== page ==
VLANs with Proxmox and pfSense

VLANs are a great, secure way to segment your network and group compute in any way you want. It allows the creation of multiple LANs with just a single physical switch, without interference from each other. This means that on a single switch, multiple DHCP servers (for example) can co-exist!

In this post, I’ll show you how to set up VLANs within Proxmox using pfSense as our (virtual) router. This can be a good starting template as well if you’ve just started dipping your toes with “homelab-ing”.

Target Topology

The figure above shows what we’ll be working towards. Since I don’t have any managed switches lying around (yet), the setup will be “emulated” using Proxmox (with a bridge acting as the switch) and a pfSense instance. The topology we’re going to use is also known as the Router on a stick configuration.


Bridge Creation

To create a bridge, choose your target Proxmox node then “Network > Create > Linux Bridge”. Don’t forget to tick “VLAN aware”.

Leave the CIDRs empty, we’ll let pfSense handle that.

We’ll refer to this bridge vmbr99 from this point on.

Note: If you are running a Proxmox version lower than 6.1, you’ll have to reboot your node for the changes to take effect. If you can’t afford a reboot, follow the steps outlined here.

pfSense VM Setup

Using the latest pfSense image (download here if you haven’t already), create a new VM. Configure it as you like but make sure to connect the initial NIC to the bridge you are using to access Proxmox (usually vmbr0). This NIC will serve as our “WAN” connection, which will allow us to access pfSense’s webConfigurator.

After the VM is created, add a new NIC to the pfSense VM by clicking it then “Hardware > Add > Network Device”. Set the target bridge to the one we’ve created previously.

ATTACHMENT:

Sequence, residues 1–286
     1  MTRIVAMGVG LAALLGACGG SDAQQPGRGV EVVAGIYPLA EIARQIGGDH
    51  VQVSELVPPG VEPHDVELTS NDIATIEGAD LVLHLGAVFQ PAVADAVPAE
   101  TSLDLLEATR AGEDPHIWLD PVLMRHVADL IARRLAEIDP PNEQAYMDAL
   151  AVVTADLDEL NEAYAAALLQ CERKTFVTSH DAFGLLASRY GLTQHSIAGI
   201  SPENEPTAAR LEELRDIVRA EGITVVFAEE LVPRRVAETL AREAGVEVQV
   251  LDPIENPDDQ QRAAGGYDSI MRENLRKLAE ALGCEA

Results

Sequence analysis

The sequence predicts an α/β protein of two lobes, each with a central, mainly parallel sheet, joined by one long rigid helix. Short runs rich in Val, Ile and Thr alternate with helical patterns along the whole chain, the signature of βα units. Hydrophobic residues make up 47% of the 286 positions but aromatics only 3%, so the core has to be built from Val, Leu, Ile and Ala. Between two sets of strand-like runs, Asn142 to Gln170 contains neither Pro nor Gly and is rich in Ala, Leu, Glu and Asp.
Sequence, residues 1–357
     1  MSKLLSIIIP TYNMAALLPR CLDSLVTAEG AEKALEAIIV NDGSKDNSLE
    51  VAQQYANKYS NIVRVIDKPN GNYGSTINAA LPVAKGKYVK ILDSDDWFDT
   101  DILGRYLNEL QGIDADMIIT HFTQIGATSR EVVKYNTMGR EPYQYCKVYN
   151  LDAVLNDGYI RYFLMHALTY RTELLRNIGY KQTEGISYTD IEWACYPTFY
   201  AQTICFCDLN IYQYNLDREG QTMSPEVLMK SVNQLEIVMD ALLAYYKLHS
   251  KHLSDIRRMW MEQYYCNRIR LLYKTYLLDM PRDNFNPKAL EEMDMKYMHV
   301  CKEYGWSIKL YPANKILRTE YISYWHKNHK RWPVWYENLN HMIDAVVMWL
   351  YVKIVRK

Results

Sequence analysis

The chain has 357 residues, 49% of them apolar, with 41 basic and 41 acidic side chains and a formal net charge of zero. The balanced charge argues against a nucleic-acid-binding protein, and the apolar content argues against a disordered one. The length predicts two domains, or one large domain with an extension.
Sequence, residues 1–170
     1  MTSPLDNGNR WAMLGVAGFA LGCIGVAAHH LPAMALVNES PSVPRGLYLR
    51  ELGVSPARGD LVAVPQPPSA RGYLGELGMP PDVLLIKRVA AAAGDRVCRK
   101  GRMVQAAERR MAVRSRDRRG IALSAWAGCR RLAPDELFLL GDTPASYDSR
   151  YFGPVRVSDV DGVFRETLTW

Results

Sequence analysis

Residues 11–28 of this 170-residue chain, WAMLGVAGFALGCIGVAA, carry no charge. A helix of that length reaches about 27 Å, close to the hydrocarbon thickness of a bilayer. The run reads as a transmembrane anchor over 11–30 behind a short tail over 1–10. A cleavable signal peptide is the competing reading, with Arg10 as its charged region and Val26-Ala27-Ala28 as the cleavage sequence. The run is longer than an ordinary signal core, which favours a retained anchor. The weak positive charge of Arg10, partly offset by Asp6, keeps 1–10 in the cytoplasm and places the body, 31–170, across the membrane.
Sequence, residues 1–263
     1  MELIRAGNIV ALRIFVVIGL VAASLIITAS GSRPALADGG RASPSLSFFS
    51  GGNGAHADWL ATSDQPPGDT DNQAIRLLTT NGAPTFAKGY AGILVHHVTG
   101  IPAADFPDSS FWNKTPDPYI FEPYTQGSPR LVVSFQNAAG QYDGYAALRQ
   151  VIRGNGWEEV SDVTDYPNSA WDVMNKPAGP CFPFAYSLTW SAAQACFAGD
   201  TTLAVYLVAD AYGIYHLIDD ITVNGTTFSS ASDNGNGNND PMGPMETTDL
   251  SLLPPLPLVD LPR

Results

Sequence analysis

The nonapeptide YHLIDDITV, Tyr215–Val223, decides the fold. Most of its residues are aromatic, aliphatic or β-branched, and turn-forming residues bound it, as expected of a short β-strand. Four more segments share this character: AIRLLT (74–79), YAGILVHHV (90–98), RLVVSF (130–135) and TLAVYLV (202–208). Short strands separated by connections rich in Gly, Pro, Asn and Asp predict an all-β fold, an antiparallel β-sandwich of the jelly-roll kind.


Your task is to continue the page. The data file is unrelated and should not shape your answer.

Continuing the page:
This NIC will serve as our “Trunk” / “Tagged” connection.

Initial pfSense Setup

Turn on the VM, go through the installation process, and wait until you’ve rebooted to the console. Once in the console, follow the following prompts and answers:

Note: Just for the heck of it, we’ll set up VLAN 10 via the console and the rest (VLAN 20 and VLAN 30) via the webConfigurator.

  1. Should VLANs be set up now [y|n]? y
  2. Enter the parent interface name for the new VLAN: vtnet1
    • If you’re unsure, go to your VM’s “Hardware” and find the MAC address of the NIC connected to vmbr99 (which is vtnet1 in my case)
  3. Enter the VLAN tag (1-4094): 10
  4. (Enter nothing to finish the VLAN setup)
  5. Enter the WAN interface name: vtnet0
    • If you’re unsure, go to your VM’s “Hardware” and find the MAC address of the NIC connected to the “default” bridge (usually vmbr0)
  6. Enter the LAN interface name: vtnet1
    • This should be the same interface you’ve specified during the first VLAN prompt.
  7. Enter the Optional 1 interface: vtnet1.10
    • This will be the interface for VLAN 10

Double-check the interface assignments and proceed until you’ve presented with a menu of sorts. Choose option 8 which should present a terminal prompt. Enter pfctl -d (this temporarily disables the firewall rules) and then visit the IP address of the WAN interface using your web browser.

pfSense webConfigurator Setup

On the webConfigurator, log in using “admin” as the username and “pfsense” as the password. Follow the on-screen setup and look out for the following:

  1. On “Configure WAN Interface”
    • Untick Block RFC1918 Private Networks and Block bogon networks
  2. On “Configure LAN Interface”
    • Feel free to assign any address you want. We’ll be using

After the pfSense Wizard setup, you’ll need to go back to the Proxmox console for pfSense and type pfctl -d again.